This status shows James Cook at the age of 16 looking towards Staithes. The sculptor is Nicholas Dimbleby. It was unveiled on 12 May 1997 by Captain Chris Blake who was the Master of HM Bark Endeavour a replica of Captain Cook’s ship.
The cottage which was the birthplace of Captain James Cook in 1728 stood in what is now Stewart Park.
It was actually demolished in 1786, its position was originally marked by cobbles but was replaced by Bolckow with a granite vase in 1858
This is all that remains of Henry Bolckows residence, built in 1856. The original building showing the colonnade can be seen here
The house burnt down just before it was due to be demolished in 1960, it is now the site of the Captain Cook Birthplace Museum. and has some interesting Totem Poles outside. Northwest Coast Canadian totem pole by Tim Paul and Richard Hunt (1979) and Community totem pole by North East carver David Gross (2006)
Also theres the Marton Moai made with stone from Aislaby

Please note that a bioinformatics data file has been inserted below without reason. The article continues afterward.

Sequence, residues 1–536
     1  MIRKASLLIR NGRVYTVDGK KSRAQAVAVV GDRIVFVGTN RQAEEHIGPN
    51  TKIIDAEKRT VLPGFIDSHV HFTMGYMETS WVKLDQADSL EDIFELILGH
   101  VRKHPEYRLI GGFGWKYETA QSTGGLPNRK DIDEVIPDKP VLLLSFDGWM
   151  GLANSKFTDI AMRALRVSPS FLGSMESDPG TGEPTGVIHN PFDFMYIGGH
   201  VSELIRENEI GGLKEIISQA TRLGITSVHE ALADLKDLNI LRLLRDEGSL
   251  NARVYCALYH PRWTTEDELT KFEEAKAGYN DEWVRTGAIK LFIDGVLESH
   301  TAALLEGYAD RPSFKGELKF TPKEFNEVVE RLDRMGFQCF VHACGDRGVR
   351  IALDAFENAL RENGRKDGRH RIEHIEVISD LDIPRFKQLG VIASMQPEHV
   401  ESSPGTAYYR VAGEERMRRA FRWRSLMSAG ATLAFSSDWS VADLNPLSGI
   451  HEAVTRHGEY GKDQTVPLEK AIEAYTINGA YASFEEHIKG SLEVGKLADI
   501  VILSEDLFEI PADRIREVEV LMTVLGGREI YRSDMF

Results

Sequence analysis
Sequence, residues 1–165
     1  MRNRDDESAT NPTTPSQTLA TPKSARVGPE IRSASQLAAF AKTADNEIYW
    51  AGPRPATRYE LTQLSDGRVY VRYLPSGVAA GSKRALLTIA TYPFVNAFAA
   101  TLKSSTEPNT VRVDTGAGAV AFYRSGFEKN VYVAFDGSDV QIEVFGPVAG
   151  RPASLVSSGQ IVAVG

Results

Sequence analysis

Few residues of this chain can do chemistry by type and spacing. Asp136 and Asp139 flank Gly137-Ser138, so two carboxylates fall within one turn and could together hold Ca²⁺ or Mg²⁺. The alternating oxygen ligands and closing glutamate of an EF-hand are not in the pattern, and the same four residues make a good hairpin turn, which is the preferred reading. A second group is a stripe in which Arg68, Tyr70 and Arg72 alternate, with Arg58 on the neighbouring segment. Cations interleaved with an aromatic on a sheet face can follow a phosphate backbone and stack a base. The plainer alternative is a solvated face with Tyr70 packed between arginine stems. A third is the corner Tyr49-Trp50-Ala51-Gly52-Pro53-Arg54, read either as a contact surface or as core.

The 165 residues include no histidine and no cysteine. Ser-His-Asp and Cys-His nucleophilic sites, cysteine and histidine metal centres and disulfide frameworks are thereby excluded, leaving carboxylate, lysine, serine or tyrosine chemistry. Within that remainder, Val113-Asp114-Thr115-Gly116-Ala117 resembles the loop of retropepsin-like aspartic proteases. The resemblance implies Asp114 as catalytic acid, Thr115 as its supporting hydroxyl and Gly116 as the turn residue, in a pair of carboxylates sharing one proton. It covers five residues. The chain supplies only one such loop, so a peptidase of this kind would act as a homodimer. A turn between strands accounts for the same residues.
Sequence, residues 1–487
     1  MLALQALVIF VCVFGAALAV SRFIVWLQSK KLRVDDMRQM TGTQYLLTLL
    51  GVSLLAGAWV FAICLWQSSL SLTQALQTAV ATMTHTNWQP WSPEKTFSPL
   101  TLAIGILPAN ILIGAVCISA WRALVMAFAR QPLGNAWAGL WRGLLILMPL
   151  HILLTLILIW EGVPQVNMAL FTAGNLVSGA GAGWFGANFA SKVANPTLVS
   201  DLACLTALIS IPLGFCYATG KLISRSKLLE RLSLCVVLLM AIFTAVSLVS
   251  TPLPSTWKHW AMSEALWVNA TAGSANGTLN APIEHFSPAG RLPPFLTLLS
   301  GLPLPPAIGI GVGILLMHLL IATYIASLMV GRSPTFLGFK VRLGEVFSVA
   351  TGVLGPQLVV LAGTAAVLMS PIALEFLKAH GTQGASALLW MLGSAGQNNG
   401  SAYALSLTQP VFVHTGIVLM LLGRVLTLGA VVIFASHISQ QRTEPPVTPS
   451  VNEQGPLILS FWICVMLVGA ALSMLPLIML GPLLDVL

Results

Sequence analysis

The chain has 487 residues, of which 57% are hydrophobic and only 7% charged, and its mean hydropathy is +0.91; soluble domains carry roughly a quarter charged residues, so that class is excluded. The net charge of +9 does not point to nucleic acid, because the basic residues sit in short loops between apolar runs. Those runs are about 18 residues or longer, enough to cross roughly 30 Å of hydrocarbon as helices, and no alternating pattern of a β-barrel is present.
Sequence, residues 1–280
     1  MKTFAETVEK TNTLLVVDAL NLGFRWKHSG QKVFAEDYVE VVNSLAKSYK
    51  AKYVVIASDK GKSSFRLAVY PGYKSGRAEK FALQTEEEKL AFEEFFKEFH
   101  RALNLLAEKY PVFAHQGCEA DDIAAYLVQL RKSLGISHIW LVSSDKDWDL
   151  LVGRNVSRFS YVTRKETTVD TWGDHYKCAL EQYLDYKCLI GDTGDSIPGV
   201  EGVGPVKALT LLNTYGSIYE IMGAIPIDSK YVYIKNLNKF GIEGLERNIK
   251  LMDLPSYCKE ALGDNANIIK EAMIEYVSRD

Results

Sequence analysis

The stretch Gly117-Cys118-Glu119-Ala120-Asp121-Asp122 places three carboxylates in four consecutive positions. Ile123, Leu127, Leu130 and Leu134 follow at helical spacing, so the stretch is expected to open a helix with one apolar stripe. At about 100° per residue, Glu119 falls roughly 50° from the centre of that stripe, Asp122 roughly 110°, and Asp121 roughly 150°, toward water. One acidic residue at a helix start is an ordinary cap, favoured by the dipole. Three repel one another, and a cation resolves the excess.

Finally a short distance to the west, stands a garden temple
The outer text is from the 1768 ships log of Captain James Cook.
“We had every advantage we could desire in observing the whole of the passage of the planet Venus over the Sun’s disc”
The inner text is from a poem written by Coosje van Brugen
“I like to remember seagulls in full flight gliding over the ring of canals.”
Only the tower of St Germains remains, built in 1160. The church was rebuilt in 1821 but again demolished in 1950 with exception of the Tower.
Captain Cooks father is buried here, he died in 1779 six weeks after Cook himself, although never knew his sons death.
The current headstone is erected in the memory of James Robinson who was lost as sea in 1904. The grave is also reputed to have been visited by Charles Dickens.